Marie Kelly Mike Shenk’s Wall Street Journal contest crossword, “Dropouts”—Laura’s review
Every Friday, around midday, my metasolving group checks in regarding the week’s metas: who did the WSJ, what we’re thinking the MGWCC looks like given the difficulty rating, if there’s a Fireball contest, the MMMM, etc. This past Friday, some of us had already gotten the WSJ in preparation for a Week 5 MGWCC (which certainly measured 5 metaweeks on the Gaffney Scale, and it’s a real treat if you haven’t braved it yet). Reports sounded favorable, so I took a solving break at work, then screenshotted and printed the grid (my usual method of attack).
[16a: Egg roll dip (NH)]: HOT MUSTARD
[20a: Sweet loaves on Christmas tables (PA)]: PANETTONES
[22a: Blanket (CT)]: LAYER
[33a: Lover of love (NY)]: AMORIST
[40a: Disinterested (LA)]: NEUTRAL
[51a: Outlandish (NJ)]: WEIRD
[55a: Where to see Picasso’s “Weeping Woman” (IN)]: TATE MODERN
[60a: Data protector (NJ)]: ENCRYPTION
I stared and stared at the themers, trying to find something that related them to each other or to the parenthetical state abbreviations. But I wasn’t getting anywhere. So I asked for a lifeline. Still nothing. Okay, maybe try the shorter themers? The title is “Dropouts” and we’re looking for an eight-letter word; there are eight themers, so one would assume we’re getting one letter of that word from each. Drop a letter to make a new word? Something related to the states indicated in the parentheses? Okay: LAYE, LAYR, LAER, LYER, AYER — I see nothing. WEIR, WEID, WERD, WIRD, EIRD — nope. NEUTRAL > NEURAL > LAUREN? — nope! Try reversing them? WERD > DREW. Yes, I was told, that is correct. But what does that have to do with New Jersey? Can I reverse anything else? LAER > REAL? Nope. What else, my interlocutor patiently asked, could you possibly do with a string of letters to make a word? C’mon Laura! And then —
NOTE: The following screenshot contains a few rather colorful examples of profanity and our more sensitive listeners may wish to exercise discretion.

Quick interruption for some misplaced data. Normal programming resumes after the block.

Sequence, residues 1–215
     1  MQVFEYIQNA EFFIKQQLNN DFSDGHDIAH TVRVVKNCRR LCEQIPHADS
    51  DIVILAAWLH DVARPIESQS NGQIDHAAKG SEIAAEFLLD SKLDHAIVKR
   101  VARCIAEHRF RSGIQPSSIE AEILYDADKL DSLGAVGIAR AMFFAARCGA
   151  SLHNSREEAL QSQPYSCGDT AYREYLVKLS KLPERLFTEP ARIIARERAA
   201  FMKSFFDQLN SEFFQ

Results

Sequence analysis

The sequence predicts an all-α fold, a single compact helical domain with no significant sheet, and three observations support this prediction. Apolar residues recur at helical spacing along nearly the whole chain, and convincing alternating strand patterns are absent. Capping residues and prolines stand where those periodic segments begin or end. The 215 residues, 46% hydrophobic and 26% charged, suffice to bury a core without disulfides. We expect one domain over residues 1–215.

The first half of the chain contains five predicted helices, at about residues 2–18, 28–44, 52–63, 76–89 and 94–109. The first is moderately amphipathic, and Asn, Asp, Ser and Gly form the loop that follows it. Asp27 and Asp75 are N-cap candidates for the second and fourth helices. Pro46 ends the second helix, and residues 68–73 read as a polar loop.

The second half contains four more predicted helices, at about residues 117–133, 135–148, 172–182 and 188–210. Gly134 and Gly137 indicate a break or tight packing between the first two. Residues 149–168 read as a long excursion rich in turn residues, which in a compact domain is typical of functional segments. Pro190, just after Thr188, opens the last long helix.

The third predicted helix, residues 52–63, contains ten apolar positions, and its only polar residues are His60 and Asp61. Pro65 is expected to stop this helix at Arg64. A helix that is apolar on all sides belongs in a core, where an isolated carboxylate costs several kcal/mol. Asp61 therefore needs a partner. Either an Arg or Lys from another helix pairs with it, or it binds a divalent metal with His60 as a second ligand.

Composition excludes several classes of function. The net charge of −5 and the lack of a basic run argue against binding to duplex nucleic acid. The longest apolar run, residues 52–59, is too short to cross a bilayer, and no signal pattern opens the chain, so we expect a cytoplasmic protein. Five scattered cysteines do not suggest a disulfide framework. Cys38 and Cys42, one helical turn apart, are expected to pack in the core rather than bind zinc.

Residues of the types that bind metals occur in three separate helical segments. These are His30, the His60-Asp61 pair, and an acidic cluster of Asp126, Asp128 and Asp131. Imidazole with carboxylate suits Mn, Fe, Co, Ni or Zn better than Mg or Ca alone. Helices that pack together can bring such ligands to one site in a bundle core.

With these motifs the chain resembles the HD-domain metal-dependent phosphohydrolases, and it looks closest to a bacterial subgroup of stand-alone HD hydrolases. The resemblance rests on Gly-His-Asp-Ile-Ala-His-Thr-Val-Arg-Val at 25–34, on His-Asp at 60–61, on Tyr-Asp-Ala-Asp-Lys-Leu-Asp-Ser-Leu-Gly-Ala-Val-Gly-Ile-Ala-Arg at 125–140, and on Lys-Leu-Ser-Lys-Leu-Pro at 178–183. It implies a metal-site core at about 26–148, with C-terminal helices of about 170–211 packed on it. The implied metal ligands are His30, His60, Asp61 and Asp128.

If you’ve been reading Fiend for a while, you know that those of us who blog metas don’t always get them, and we’re not ashamed of posting a DNF. Even when I get a meta, sometimes I’ll miss some subtlety that commenters helpfully (and most gleefully) point out. So I’m offering this self-own to all of you as a way to say: These puzzles can be frustrating and tough, even when other people find them easy; they can take time, and patience, and sometimes you feel so resentful — towards the puzzle or other solvers or those bloggers who seem to always know the answer — when you feel like you should be able to get something but you … just … can’t. In my case, here is a photo that recreates (I’m writing this blog post at home) what I was looking at in my office while I was trying to get this meta:
The word I was looking for — the name of the institution where I have worked as a librarian for the past fifteen years — was staring me in the face, not three inches from the puzzle entry. [Get to the meta solution already, Laura! Stop talking about yourself!]
Each entry has one letter that’s a dropout; anagram the remaining letters to get an institution of higher education located in the parenthetical state:
HOT MUsTARD = DARTMOUTH – S
PANETToNES = PENN STATE – O
LAYEr = YALE – R
AMoRIST = MARIST – O
NEUTrAL = TULANE – R
WEiRD = DREW – I
tATE MODERN = NOTRE DAME – T
ENCRyPTION = PRINCETON – Y
And there we have our eight-letter word: SORORITY. I only vaguely remembered that DREW was a university in New Jersey; also note that PENN STATE is Mike Shenk’s alma mater and TULANE just appeared in a Gaffney WSJ contest puzzle a few weeks ago. Also note, with some irony, that members of a SORORITY are somewhat less likely to become DROPOUTS than women college students who do not participate in their institutions’ Greek systems.
This was, for me, a HOT MUSTARD of a puzzle; I shall henceforth offer the Hot Mustard Prize for Most Colossal Brainfart on a Metapuzzle with compassion and camaraderie to all those who stumble flailingly into the foggy night of lateral reasoning.